Eye witness account of the impact of war and sanctions on Iraq

"It's an attempt to destroy the country's psyche, its historic soul"

Part Two

6 July 1999

Felicity Arbuthnot is a freelance journalist, who has visited Iraq on many occasions since the end of the Gulf War. She has just returned to Britain from her eighteenth visit. In the second of this two-part interview she explains to Barbara Slaughter the social and cultural impact of the war and sanctions on Iraq and Yugoslavia.

I think the biggest disaster is what we are laying down in the Middle East. There's this sort of bewilderment, particularly about Britain. They have all written off the US as a maverick crazy state. But they say, "You know, all the ties we have with Britain. We know about colonialism, we know about the spying that went on over the years, we know about the manipulation. But deep down we have had cultural ties, trade ties, historical ties. So many families have had somebody who came to Britain for postgraduate study." And now there's both bewilderment and a sort of hate, that a country, with which they have had these historic ties—and history is very strong in Iraq—has just trashed them and abandoned them.

You wonder about the number of educated people who tell you in different ways, how their children repeat at night how much they hate Britain. How are these children going to grow up? How are they going to lay this thing to rest?

There is talk about lifting the embargo. Britain and Holland have put a motion to the UN, which the US has agreed to. But basically it turns Iraq into a mandate state. The big powers will be able to keep financial control, virtually forever. If Iraq doesn't comply with whatever conditions they impose, however unreasonable they are, the plug will be pulled again. It also puts the onus on Iraq to prove that they haven't got weapons, rather than UNSCOM having to prove that they have. It really is a New World Order that is being imposed by Britain and the US.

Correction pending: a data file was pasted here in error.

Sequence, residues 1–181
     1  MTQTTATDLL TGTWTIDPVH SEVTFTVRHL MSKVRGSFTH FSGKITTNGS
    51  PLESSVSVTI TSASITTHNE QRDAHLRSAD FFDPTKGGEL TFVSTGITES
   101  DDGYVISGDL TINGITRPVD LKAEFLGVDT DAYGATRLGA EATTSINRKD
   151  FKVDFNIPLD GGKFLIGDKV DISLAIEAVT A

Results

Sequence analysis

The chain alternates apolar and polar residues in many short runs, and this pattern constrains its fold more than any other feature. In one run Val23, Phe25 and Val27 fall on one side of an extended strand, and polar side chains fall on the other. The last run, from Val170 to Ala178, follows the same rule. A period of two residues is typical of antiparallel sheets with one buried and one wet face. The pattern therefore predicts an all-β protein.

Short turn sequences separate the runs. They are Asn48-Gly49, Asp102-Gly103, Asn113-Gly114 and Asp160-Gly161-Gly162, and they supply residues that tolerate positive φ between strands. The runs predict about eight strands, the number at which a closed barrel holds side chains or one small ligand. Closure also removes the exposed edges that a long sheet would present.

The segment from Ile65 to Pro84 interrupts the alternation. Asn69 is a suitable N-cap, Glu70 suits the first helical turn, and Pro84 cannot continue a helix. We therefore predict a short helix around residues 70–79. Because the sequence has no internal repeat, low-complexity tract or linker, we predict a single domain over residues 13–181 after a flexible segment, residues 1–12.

The parallels are so stark between Yugoslavia and Iraq, whether it's the weapons used, whether it's Rambouillet, which again meant the complete takeover of the country, making Yugoslavia into a mandate state. The Vienna Convention states that no treaty is valid if people are threatened and coerced into it. At Rambouillet, Britain and the US said, "If you don't sign we are going to bomb you!" so it was an invalid treaty. They have imposed totally impossible conditions on both countries. When the Gulf War started the British parliament was in recess and so was the equivalent in the US. George Bush announced the war when he was on a fishing trip. When they decided to bomb Iraq last December, there was absolutely no discussion in parliament.

They are now operating an entirely illegal war against Iraq. George Robertson and others have said, "We were not at war with Iraq last December and we are not at war with Iraq now". And Robertson and Blair say the same about Yugoslavia; "We are not at war."